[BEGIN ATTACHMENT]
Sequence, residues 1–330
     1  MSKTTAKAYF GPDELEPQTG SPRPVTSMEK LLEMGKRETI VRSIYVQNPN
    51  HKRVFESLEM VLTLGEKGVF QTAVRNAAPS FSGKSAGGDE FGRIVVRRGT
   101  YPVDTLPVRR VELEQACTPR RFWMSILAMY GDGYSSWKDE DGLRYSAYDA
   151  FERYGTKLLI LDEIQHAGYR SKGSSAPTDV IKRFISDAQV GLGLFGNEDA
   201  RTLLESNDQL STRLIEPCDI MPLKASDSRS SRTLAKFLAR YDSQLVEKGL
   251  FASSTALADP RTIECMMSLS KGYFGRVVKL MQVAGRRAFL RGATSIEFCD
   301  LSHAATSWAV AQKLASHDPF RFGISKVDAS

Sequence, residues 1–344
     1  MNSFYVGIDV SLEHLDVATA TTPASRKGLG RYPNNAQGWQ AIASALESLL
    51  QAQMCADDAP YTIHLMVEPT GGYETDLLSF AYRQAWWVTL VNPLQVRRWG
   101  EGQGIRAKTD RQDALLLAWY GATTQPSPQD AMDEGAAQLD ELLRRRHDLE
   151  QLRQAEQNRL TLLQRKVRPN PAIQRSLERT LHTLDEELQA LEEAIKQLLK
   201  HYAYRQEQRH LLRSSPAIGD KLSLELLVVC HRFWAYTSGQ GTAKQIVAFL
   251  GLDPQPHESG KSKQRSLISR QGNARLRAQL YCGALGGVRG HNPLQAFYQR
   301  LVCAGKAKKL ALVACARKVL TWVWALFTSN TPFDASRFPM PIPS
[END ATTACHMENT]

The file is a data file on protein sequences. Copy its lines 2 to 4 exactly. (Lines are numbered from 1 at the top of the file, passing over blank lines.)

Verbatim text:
     1  MSKTTAKAYF GPDELEPQTG SPRPVTSMEK LLEMGKRETI VRSIYVQNPN
    51  HKRVFESLEM VLTLGEKGVF QTAVRNAAPS FSGKSAGGDE FGRIVVRRGT
   101  YPVDTLPVRR VELEQACTPR RFWMSILAMY GDGYSSWKDE DGLRYSAYDA